What is a Magnetic material?

Every material has a unique composition that defines its magnetic behavior. Some materials get attracted towards a magnet and are called magnetic materials. Based on the magnetic properties held by each material, they are classified into different types.

The magnetic property of materials

Every material exhibits magnetic properties when placed in the vicinity of the magnetic field. The electrons located inside the atoms of the material are responsible for the magnetic behavior around a magnetic field. Each atom consists of a fixed number of atoms and each atom will act like a minute magnet that creates its magnetic field. Since the magnetic field is directly related to current, electrons can be considered as loops that conduct current. The revolving current will produce a magnetic moment.

The movement of electrons can be classified into two types. Electrons revolve around the nucleus in their designated orbitals. This is the orbital motion of electrons. The moment of spin arises when electrons rotate around their own axis. Both motions contribute to the behavior of the material in presence of a magnetic field.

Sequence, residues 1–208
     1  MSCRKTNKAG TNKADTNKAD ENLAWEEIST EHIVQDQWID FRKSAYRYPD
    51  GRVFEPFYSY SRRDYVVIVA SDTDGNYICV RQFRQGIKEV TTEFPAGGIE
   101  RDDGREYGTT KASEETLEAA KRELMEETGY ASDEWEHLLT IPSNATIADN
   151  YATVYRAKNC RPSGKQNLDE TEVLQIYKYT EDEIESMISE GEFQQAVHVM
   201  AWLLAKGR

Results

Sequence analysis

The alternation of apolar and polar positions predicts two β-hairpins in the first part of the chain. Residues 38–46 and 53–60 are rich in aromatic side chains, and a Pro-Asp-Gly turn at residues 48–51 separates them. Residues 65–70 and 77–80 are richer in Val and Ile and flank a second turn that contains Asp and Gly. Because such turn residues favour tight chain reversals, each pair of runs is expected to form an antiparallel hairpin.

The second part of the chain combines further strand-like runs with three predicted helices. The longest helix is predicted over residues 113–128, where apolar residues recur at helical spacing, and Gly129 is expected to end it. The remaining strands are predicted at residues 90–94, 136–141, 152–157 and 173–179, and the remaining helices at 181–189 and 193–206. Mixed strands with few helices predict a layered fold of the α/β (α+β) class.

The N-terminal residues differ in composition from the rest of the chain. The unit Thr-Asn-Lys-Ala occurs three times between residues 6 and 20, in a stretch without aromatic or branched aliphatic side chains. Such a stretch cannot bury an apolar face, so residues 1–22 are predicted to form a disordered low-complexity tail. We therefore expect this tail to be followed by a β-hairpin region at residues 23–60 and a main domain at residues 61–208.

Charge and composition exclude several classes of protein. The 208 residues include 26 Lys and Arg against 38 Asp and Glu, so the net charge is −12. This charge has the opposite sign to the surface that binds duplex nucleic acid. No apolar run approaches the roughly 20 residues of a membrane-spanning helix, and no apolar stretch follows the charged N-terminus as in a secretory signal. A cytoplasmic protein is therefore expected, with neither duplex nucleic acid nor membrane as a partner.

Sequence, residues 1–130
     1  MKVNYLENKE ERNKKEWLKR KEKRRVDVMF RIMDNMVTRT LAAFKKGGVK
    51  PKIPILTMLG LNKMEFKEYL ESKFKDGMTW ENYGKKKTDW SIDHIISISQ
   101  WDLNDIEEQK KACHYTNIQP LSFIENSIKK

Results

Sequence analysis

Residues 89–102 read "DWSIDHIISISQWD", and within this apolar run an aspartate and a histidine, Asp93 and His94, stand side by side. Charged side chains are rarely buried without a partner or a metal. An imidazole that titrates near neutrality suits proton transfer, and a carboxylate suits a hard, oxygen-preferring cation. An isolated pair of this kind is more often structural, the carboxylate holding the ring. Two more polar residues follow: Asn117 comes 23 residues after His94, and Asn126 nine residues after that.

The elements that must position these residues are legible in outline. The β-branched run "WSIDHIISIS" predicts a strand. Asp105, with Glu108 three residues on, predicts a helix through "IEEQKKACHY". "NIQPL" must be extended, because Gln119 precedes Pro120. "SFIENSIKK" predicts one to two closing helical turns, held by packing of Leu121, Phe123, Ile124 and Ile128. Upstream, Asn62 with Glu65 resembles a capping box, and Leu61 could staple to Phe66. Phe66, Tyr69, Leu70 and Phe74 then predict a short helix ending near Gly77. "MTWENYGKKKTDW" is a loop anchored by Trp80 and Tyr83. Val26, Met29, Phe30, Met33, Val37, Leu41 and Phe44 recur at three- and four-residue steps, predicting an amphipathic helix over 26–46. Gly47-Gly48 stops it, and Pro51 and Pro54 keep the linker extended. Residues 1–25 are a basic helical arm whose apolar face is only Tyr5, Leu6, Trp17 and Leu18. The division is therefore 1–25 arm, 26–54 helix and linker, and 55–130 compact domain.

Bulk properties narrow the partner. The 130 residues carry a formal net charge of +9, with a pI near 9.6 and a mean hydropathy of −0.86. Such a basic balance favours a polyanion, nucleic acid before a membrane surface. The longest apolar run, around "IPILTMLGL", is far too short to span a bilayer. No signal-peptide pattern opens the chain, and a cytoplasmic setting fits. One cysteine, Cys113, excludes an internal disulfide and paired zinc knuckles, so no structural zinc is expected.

Classification of materials based on magnetic properties

According to the behavior in the external electric field, materials are classified into the following five types.

  • Diamagnetic materials
  • Paramagnetic materials
  • Ferromagnetic materials
  • Antiferromagnetic materials
  • Ferrimagnetic materials

Diamagnetic materials

When a material is weakly repelled on being exposed to an external magnetic field, then the material is classified as diamagnetic material. When placed near a magnet, weak repulsion force is experienced by the material. Electrons inside the atoms of diamagnetic materials are dependent on this behavior. The orbitals are filled, and all electrons are paired up. So, the spin number will be zero. Materials such as Copper, Bismuth, Gold, Silver, Water, Sodium chloride, Antimony, and Zinc exhibit diamagnetism.